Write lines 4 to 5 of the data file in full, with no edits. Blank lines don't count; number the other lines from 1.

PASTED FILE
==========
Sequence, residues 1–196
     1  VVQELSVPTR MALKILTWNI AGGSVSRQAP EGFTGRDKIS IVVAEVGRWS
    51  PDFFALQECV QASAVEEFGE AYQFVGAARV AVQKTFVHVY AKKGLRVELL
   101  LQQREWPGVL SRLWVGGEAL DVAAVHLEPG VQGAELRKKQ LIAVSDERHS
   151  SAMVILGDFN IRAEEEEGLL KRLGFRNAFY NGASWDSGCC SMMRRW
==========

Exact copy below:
   101  LQQREWPGVL SRLWVGGEAL DVAAVHLEPG VQGAELRKKQ LIAVSDERHS
   151  SAMVILGDFN IRAEEEEGLL KRLGFRNAFY NGASWDSGCC SMMRRW